D.C. Students Who Participated in Pre-K Have an Edge in Third Grade

A few weeks ago, I wrote about why third grade is a turning point for student success. According to my research on third grade proficiency for an upcoming DC Action issue brief, experts agree that high-quality early education is a key stepping stone to proficiency by third grade.

Now, with the release of the 2011-2012 D.C. Comprehensive Assessment System (DC CAS) scores, we have preliminary D.C. data to help back up that claim. In presenting the results, the Office of the State Superintendent of Education (OSSE) analyzed performance on third grade test scores by Pre-K participation.

These one-year, preliminary results suggest across-the-board proficiency advantages among students who attended Pre-K, with the exception of special education students in math. Overall, third grade proficiency was 2.1 percentage points greater in math and 3.5 percentage points greater in reading among Pre-K participants. More data highlights among sub-groups of students included:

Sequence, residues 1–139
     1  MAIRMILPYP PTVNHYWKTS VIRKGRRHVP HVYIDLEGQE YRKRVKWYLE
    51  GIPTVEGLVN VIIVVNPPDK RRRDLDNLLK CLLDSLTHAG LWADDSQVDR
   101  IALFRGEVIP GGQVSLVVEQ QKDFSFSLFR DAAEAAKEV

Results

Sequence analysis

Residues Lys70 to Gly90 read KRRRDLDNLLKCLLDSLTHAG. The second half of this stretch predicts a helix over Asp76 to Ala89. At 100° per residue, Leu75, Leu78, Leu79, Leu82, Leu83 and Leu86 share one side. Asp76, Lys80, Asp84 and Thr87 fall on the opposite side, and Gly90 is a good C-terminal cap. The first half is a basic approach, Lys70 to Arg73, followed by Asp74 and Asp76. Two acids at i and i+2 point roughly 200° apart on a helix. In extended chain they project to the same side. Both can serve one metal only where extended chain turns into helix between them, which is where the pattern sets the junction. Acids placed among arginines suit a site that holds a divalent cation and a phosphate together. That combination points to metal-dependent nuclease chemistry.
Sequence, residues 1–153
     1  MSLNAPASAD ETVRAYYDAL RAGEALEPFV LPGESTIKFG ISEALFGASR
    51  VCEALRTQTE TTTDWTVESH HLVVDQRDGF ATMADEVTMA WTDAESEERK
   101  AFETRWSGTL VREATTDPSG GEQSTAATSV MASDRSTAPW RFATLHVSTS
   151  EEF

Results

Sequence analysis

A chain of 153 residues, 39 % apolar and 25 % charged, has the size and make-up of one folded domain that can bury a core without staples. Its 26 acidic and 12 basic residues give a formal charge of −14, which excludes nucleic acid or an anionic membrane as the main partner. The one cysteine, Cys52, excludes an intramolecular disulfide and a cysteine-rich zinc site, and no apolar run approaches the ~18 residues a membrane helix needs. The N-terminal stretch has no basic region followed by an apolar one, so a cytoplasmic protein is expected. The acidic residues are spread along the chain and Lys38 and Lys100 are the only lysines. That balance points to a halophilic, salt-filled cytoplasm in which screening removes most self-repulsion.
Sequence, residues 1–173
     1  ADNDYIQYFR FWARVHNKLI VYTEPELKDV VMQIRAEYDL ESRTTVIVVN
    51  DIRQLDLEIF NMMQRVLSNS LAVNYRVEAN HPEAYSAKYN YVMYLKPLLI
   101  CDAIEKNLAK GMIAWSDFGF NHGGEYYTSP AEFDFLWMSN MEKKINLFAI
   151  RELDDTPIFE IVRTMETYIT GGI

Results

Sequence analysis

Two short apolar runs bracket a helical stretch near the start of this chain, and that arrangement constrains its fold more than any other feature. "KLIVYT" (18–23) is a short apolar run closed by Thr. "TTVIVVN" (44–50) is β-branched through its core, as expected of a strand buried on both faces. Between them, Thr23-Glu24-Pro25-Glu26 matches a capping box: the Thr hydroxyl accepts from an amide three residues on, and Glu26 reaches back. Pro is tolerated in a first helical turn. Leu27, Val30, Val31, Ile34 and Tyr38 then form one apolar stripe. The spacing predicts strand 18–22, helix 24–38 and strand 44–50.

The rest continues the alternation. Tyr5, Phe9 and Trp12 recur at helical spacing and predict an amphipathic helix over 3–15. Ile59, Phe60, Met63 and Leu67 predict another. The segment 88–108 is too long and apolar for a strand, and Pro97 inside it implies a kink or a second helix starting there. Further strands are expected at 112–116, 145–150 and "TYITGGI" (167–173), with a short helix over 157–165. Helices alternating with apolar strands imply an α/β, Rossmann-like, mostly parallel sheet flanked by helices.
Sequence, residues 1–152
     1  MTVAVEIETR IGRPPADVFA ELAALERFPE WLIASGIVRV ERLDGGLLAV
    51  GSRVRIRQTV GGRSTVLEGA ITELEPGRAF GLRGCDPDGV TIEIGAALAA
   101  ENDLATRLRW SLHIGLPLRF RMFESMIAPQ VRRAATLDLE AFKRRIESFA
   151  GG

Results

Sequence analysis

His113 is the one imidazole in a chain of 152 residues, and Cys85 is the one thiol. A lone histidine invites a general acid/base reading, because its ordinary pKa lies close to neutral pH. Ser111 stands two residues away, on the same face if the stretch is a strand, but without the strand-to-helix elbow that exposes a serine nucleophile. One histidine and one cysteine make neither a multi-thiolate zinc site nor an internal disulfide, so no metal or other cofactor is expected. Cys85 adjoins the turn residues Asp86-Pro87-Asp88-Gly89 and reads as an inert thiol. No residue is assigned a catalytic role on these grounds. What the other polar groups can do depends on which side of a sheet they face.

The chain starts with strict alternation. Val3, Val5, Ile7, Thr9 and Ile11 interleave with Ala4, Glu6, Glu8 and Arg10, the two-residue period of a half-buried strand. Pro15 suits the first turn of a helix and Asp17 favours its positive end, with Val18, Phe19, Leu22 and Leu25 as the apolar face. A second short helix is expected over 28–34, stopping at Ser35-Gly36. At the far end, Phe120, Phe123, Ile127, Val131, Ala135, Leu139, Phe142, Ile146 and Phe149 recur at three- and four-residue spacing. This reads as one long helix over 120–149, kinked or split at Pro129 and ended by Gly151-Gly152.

•    Among black students, Pre-K attendees were 5.2 percentage points more proficient in math and 6.3 percentage points more proficient in reading
•    Hispanic Pre-K attendees were more proficient in reading by 8.3 percentage points
•    Among students from low-income households, Pre-K attendees were 4 percentage points more proficient in reading, and 4.7 percentage points more proficient in math.

These differences may seem small at first glance, but those small gains will be amplified by greater numbers of students attending Pre-K each year thanks to recent Pre-K expansions in D.C. For a sense of scale, consider that overall proficiency in D.C. increased by 5 percentage points, to 47.4 percent, from 2008-2012. If the city hopes to reach Mayor Gray’s goal of 70 percent proficiency by 2017, we should use every proven strategy to give D.C. children an educational edge. It would also be interesting to look at third grade scores based on whether children attended preschool and Pre-K from ages 3 to 5, to see if that was associated with additional proficiency gains.

Once the raw data for 2012 is released, you can expect more detailed analysis from DC Action on what the latest DC CAS scores tell us about third grade proficiency, its relationship to early education and student progress across D.C.

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